The Ten-Week Extended Practicum is the heart of the UBC BEd experience. During this challenging experience, teacher candidates take what they have learned and apply it in the classroom. The extended practicum provides teacher candidates with opportunities to demonstrate that they are capable of assuming the responsibilities of a beginning teacher.
There are three roles that school advisors play as part of the ongoing mentoring process. Initially, school advisors are consulting, offering suggestions and assisting in planning. Next, school advisors go into a collaborating mode, where direct instruction from the mentor is decreased in favour of a more open exchange of ideas. Finally, school advisors step into the role of coaching, where the teacher candidate is more or less carrying the ball, checking in with the school advisor but taking on the role of teacher without much from the mentor in the way of suggestions. (Lipton, Laura; and Wellman, Bruce.Mentoring Matters: A Practical Guide to Learning-Focused Relationships. Arlington, MA: Miravia LLC, 2001.)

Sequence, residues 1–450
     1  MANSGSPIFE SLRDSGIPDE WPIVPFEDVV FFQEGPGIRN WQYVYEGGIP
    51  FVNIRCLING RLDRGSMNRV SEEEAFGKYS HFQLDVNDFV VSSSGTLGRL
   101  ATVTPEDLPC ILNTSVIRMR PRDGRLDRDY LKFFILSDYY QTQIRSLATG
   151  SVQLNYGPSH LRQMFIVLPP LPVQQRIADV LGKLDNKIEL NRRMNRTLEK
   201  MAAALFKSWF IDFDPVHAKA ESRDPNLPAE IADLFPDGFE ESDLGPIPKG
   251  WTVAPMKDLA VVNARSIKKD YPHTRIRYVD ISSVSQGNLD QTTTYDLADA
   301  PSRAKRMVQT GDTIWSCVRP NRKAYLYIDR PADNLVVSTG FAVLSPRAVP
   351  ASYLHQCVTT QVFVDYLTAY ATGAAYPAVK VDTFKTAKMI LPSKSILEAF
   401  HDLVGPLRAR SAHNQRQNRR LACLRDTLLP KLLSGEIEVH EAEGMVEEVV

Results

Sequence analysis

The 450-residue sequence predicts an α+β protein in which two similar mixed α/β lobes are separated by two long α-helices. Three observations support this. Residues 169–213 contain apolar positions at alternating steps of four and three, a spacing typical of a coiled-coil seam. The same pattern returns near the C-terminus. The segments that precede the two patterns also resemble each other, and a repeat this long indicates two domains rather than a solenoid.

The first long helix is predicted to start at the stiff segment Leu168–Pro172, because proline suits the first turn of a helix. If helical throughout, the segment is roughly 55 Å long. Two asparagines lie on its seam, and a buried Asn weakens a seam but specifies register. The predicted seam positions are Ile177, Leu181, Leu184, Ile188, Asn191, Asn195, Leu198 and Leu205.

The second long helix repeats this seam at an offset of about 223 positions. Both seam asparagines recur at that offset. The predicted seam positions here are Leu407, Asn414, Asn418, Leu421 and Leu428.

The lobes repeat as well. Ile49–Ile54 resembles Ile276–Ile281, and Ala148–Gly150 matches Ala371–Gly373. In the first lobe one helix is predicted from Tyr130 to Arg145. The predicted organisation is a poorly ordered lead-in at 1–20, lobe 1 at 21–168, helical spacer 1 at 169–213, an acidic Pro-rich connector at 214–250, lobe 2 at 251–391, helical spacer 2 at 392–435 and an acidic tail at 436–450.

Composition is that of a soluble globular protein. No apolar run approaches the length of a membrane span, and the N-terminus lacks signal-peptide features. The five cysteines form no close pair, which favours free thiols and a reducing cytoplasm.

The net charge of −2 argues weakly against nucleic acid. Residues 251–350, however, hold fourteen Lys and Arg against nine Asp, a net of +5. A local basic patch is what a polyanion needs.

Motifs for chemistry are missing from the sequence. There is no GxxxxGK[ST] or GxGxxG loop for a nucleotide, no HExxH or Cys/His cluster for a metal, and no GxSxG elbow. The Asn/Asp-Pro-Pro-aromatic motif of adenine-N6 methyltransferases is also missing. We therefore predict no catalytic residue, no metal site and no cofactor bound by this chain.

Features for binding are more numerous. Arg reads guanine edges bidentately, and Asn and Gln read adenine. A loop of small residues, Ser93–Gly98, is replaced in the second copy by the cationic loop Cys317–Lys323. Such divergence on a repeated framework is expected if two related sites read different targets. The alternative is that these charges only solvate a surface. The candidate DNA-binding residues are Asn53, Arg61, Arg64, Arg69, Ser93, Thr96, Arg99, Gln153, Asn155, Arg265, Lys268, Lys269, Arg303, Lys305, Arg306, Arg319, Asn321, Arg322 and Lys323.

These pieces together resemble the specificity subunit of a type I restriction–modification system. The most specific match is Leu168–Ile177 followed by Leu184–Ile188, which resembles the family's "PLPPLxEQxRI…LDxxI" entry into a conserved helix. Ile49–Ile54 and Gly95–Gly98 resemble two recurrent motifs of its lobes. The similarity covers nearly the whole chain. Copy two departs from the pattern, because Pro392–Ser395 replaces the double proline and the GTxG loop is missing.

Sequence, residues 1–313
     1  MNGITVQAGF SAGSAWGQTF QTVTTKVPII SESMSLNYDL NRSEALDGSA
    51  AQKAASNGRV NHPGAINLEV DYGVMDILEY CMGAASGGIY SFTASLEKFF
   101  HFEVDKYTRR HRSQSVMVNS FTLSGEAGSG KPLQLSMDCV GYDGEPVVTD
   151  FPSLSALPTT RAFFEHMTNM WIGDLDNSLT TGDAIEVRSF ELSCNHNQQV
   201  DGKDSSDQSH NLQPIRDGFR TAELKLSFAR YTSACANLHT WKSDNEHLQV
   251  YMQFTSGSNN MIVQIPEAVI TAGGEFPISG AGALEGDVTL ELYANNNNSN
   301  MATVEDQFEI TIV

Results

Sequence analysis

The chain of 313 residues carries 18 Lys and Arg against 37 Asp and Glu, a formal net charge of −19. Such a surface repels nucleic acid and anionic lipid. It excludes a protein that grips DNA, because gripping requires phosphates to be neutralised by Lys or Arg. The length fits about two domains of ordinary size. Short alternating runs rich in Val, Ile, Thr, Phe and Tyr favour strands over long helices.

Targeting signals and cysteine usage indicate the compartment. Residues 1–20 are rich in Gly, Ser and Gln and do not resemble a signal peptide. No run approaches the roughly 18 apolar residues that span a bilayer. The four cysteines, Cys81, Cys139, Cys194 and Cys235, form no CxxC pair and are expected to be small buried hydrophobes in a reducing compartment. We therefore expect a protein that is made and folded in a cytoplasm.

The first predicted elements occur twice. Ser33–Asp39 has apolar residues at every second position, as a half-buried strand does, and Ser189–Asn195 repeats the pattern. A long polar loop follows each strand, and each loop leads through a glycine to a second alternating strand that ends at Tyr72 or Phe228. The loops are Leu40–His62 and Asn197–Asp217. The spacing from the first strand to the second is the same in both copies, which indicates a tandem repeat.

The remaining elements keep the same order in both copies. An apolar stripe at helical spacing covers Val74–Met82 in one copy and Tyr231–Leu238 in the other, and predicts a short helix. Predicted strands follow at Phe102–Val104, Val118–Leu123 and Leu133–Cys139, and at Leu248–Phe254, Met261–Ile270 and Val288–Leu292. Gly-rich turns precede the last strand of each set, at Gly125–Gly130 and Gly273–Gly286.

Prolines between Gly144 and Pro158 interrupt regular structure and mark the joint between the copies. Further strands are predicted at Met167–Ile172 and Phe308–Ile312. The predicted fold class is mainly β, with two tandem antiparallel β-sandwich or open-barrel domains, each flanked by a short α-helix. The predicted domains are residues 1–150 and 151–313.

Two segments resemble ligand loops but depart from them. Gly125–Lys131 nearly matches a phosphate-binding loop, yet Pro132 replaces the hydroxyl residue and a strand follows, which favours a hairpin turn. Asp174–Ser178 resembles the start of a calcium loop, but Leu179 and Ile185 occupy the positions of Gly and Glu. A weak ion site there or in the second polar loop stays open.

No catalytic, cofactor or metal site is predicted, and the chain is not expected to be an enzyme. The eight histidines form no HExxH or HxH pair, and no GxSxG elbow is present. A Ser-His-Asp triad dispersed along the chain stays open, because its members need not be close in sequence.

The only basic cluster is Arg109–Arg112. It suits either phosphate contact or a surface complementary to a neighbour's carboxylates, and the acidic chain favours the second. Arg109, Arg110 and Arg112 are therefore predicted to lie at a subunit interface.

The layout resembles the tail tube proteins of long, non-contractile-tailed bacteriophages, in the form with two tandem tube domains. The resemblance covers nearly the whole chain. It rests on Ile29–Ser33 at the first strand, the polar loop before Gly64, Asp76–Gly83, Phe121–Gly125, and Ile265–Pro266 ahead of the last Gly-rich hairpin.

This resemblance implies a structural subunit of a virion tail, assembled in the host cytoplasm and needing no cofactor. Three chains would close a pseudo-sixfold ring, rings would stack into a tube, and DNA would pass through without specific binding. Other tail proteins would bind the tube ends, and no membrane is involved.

The goals of the extended practicum are as follows:
- Teacher candidates attend a practicum of sufficient duration to demonstrate that they can independently plan, implement, and evaluate instruction in the manner expected of a beginning teacher.
- Immersion into teaching is gradual, permitting teacher candidates to assume increasing responsibility as they demonstrate proficiency.
- Within the framework of an extended practicum, teacher candidates participate in a variety of teaching and observational experiences.
- Teacher candidates are involved in the assessment of their own teaching practice.
- The practicum provides opportunities for teacher candidates to systematically and analytically reflect upon teaching in a professional and educational community.
- Because of the pivotal part they play in the preparation of teacher candidates for the profession, faculty and school advisors continually reflect on the nature of their own responsibilities.